International and Domestic Graduate Student Satisfaction with Life

Application of the Perfectionism Diathesis-Stress Model


  • Hanna Suh National Institute of Education
  • Jihee Hong Georgia State University
  • Kenneth Rice Georgia State University
  • Victoria Kelly



Emotional Well-Being, Perfectionism, International Graduate Students, Comparative Study


With increasing mental health problems witnessed among students, adequately addressing their well-being is becoming important on college campuses. This study compares international and domestic graduate students in the United States on domains that are relevant to both student groups (perfectionistic personality, academic stress) and how these factors combinedly predict satisfaction with life. With 531 international and 359 domestic graduate students, results found support for perfectionism and academic stress predicting life satisfaction in both groups with notable similarities and differences. For perfectionists in both student groups, the level of academic stress was an important factor that determined satisfaction with life. Interestingly, for international students only, the perfectionism dimension of standards, which has been traditionally considered adaptive, functioned in a maladaptive way. Findings from this study suggest that international and domestic students share similarities and differences that should be noted.

Author Biographies

Hanna Suh, National Institute of Education

Hanna Suh, PhD, is an assistant professor in the Psychology and Child & Human Development Academic Group at the National Institute of Education/Nanyang Technological University, Singapore. In her research, she explores how individuals deal with stress to lead meaningful and fulfilling lives. Research interest topics include perfectionism, mindfulness and positive psychology interventions, and online counseling. Email:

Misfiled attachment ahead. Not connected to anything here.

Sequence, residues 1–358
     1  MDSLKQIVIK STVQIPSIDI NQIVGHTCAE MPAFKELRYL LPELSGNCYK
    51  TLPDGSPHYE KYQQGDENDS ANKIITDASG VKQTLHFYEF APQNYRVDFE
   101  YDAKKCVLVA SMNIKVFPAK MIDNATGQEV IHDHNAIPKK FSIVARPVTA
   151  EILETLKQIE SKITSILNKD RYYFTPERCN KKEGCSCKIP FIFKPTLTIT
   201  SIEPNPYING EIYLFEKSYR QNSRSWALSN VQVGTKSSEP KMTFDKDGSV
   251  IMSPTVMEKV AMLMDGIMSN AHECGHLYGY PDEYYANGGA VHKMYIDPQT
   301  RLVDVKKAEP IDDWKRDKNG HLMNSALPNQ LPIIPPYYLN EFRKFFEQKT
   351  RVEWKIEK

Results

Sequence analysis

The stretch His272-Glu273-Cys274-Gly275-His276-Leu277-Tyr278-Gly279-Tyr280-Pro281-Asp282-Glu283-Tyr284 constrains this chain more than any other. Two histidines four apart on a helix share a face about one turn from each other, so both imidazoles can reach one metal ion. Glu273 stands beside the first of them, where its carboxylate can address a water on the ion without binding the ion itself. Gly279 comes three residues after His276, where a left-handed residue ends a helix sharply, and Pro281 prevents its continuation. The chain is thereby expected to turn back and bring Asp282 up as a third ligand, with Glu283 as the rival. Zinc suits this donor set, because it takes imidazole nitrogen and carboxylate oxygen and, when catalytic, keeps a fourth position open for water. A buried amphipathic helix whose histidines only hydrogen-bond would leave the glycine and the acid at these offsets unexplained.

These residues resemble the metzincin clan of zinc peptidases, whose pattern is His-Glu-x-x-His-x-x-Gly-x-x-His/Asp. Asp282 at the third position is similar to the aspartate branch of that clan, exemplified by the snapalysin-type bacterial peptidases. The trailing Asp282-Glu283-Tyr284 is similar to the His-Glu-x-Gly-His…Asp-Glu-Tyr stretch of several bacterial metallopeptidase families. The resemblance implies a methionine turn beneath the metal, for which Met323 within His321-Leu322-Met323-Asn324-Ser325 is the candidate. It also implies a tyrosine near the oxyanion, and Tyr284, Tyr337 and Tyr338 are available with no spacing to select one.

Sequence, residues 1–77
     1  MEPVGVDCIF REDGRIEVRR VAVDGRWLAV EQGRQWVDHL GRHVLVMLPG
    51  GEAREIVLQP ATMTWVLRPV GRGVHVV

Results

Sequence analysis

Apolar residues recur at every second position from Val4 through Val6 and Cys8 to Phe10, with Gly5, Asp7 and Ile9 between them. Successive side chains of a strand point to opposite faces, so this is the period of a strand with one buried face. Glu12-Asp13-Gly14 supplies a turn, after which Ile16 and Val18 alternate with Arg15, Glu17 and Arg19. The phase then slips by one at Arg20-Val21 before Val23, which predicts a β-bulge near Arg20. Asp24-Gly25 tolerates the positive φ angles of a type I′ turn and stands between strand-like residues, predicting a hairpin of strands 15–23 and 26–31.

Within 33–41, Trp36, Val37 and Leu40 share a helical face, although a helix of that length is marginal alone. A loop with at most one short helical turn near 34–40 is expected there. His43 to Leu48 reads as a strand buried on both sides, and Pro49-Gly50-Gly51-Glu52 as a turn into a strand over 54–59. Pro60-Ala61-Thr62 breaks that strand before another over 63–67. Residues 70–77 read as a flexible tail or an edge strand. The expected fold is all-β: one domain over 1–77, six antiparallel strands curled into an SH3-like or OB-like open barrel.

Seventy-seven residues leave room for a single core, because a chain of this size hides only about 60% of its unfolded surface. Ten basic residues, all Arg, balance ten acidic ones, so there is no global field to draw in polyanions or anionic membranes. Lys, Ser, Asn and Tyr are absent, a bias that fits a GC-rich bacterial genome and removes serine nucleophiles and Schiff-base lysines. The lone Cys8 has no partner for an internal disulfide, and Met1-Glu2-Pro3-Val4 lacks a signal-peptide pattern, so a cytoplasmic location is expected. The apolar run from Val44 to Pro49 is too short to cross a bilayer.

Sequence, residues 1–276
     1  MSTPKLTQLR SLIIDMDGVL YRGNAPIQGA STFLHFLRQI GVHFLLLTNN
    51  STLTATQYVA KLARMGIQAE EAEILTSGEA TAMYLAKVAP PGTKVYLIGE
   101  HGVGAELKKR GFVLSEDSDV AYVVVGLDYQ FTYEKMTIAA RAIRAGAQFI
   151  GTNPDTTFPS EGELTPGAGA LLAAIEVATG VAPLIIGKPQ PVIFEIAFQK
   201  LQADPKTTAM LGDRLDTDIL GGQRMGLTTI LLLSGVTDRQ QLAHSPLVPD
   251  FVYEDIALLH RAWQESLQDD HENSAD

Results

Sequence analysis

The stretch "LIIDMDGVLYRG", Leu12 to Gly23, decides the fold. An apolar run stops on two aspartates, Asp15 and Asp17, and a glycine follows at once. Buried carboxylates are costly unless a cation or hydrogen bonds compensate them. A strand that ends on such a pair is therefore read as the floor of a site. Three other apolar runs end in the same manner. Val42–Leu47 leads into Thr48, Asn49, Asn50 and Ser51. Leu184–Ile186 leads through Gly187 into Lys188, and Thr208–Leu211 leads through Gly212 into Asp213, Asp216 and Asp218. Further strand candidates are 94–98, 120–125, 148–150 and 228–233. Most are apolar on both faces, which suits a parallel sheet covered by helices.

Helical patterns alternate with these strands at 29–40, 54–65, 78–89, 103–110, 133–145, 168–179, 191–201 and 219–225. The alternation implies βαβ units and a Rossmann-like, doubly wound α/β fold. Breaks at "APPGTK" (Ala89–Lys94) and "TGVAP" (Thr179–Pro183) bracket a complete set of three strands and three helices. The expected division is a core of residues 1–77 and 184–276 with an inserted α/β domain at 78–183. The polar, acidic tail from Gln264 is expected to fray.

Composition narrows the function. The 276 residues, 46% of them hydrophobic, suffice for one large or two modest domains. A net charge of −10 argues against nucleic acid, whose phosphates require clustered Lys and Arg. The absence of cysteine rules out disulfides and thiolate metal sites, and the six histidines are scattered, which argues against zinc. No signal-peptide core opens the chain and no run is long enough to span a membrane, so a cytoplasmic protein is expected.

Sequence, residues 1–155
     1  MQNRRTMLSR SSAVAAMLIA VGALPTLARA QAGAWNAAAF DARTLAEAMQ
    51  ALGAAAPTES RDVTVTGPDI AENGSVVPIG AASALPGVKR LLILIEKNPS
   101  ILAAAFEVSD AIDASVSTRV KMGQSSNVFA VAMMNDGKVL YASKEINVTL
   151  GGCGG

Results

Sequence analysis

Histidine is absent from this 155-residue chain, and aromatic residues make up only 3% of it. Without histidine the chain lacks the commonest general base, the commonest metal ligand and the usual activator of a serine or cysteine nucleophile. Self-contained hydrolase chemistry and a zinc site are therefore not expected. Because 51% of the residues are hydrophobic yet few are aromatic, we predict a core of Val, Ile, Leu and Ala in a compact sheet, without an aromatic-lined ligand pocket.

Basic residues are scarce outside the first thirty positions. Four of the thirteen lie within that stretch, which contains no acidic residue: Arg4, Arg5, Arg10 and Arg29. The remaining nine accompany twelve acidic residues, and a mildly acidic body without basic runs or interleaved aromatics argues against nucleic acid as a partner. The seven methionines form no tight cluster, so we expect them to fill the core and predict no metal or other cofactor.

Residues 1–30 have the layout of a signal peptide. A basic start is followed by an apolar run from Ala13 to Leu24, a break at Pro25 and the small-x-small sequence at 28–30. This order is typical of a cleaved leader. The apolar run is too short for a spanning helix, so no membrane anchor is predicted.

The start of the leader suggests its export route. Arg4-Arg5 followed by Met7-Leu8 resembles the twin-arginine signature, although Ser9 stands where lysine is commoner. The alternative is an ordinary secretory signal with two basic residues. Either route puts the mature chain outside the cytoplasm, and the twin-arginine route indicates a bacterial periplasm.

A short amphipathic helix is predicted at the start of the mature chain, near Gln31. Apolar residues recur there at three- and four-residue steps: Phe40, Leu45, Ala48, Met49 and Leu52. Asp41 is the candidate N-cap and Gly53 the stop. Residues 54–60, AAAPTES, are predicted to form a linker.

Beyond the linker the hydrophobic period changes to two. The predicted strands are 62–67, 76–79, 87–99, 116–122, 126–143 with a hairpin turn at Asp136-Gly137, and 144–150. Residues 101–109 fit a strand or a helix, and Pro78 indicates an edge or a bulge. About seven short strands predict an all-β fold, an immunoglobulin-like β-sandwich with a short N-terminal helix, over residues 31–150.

Jihee Hong, Georgia State University

Jihee Hong, M.A., is a doctoral candidate in Counseling Psychology Ph.D. program at Georgia State University. Her research interests include exploring role of risk and protective factors (e.g., perfectionism, self-compassion) in predicting mental health outcomes (e.g., suicidal risk factors), and examining psychometric properties of psychological measurements. Email:

Kenneth Rice, Georgia State University

Kenneth G. Rice, PhD, is the Matheny Endowed Chair and Professor in the Department of Counseling & Psychological Services, and Co-Director of the Center for the Study of Stress, Trauma, and Resilience, at Georgia State University. Much of his research focuses on stress and how personal characteristics (such as perfectionism) moderate the effects of stress on a variety of health, mental health, and academic outcomes. Email:

Victoria Kelly

Victoria A. Kelly is a project manager for Relias LLC and former research assistant for various academic research labs. Her research interests focus on social influences on judgment and decision-making.


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How to Cite

Suh, H., Hong, J., Rice, K., & Kelly, V. . (2021). International and Domestic Graduate Student Satisfaction with Life: Application of the Perfectionism Diathesis-Stress Model. Journal of International Students, 12(1), 216–238.



Research Articles (English)